Another attack vector to consider is Session Hijacking. Assuming you're using Post-Redirect-Get (which you should be in general), you'd have to save the password in the session in order to resend it via GET. While the session itself is in a relatively secure, trusted place (on your server), storing plain text or reversably encrypted passwords there makes your session store an even bigger target. But let's say that's what you do.
Say an attacker obtains or engineers the user's session variable. The user enters the password but fails the form. Whoever issues a GET request with that session variable (which could be the attacker) is handed the password in the clear. This is worse than a standard session hijacking, because a standard hijacking would only allow the attacker to impersonate the user, not obtain passwords that might be valid for other sites.
Of course, you can mitigate this by any standard session hijacking defenses -- regenerating the token on load, or simply rendering on post instead to avoid the session entirely. (Please don't do that. Having the browser bug me when I reopen or reload a page is frustrating, especially since I do it a lot thanks to no-script.)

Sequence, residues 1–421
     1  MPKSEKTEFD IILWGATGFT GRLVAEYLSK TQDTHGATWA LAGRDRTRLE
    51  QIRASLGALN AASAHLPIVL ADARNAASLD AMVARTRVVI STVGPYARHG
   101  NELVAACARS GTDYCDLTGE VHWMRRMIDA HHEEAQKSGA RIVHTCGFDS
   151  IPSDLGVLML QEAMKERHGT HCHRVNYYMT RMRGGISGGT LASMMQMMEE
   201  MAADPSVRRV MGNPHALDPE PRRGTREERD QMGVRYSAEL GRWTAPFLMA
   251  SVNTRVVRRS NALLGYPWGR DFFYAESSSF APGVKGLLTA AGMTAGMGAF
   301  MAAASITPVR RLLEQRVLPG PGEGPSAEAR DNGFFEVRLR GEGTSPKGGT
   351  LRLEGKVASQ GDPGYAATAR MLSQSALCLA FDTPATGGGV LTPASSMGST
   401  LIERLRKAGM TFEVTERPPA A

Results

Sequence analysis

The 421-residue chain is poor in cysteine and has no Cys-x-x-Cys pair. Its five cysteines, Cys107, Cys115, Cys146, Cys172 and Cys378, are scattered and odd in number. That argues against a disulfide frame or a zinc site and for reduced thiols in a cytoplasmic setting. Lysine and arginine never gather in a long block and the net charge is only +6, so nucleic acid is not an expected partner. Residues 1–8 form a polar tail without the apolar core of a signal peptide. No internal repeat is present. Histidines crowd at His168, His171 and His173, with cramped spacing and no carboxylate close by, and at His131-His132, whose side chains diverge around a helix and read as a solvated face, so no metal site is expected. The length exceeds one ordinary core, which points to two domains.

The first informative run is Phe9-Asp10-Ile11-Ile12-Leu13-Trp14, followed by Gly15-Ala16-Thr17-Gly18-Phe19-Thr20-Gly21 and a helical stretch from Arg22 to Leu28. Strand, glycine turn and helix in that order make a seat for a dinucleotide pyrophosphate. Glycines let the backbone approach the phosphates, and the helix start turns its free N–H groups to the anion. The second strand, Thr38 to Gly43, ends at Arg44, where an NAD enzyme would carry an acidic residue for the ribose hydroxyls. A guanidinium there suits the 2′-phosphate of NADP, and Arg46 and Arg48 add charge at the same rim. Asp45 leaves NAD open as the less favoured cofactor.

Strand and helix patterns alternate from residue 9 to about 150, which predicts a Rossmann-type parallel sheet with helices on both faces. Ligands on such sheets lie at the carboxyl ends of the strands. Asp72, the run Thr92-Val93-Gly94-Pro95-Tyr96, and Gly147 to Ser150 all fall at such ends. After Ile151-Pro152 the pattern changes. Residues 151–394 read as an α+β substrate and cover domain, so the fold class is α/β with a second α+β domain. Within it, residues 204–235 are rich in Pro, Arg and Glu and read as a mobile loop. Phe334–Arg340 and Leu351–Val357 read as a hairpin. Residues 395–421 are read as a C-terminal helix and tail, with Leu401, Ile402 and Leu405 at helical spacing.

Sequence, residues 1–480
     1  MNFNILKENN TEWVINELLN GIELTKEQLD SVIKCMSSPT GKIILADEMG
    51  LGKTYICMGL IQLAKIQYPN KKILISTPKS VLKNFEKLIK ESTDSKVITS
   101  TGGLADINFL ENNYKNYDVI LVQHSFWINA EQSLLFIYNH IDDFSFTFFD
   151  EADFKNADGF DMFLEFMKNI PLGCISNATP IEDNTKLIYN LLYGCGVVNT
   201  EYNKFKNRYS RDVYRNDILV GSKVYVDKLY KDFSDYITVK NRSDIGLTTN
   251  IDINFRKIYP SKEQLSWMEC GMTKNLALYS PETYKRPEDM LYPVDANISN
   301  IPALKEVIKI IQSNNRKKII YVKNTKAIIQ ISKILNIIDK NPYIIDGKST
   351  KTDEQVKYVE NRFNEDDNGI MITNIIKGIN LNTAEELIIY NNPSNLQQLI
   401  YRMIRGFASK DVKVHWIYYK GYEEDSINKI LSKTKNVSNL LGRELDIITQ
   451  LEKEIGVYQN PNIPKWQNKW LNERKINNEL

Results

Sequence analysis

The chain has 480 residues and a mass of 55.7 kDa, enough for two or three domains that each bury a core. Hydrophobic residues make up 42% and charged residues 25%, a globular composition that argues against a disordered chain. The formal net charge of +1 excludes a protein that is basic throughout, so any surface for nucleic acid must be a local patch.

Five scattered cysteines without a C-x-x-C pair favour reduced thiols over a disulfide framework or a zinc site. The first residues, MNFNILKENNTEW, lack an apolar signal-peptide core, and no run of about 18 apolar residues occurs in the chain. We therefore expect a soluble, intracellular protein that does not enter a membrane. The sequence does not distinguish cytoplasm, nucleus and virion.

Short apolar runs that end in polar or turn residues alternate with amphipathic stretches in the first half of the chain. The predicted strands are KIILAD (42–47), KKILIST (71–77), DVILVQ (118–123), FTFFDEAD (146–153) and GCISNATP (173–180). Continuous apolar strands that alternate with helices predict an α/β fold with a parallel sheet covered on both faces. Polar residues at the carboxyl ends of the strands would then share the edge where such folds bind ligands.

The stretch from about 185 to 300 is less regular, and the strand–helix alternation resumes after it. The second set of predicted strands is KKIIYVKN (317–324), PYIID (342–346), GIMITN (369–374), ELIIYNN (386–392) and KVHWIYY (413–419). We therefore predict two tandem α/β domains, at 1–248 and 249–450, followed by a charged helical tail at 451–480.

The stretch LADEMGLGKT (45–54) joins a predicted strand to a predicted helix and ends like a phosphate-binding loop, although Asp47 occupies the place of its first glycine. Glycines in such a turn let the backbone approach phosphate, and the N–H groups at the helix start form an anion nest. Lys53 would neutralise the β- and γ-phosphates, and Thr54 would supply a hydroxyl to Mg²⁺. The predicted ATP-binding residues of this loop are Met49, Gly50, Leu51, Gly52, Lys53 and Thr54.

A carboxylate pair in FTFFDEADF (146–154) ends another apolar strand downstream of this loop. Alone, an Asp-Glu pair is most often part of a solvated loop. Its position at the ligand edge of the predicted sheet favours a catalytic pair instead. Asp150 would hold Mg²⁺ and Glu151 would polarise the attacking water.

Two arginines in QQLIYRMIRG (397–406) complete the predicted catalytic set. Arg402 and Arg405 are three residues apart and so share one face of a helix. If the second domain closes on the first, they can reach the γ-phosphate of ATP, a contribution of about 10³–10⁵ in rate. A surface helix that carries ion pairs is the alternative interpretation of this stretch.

The fewer places the password exists, the fewer targets for attack. If you must do this feature, either go with Andre's comment suggestion to remove the password field entirely with a button to change it, or fill the password field with a standard, but invalid password (ie, less than your minimum length) that you can check for when you've stored a password. Just don't send real passwords, even over HTTPS.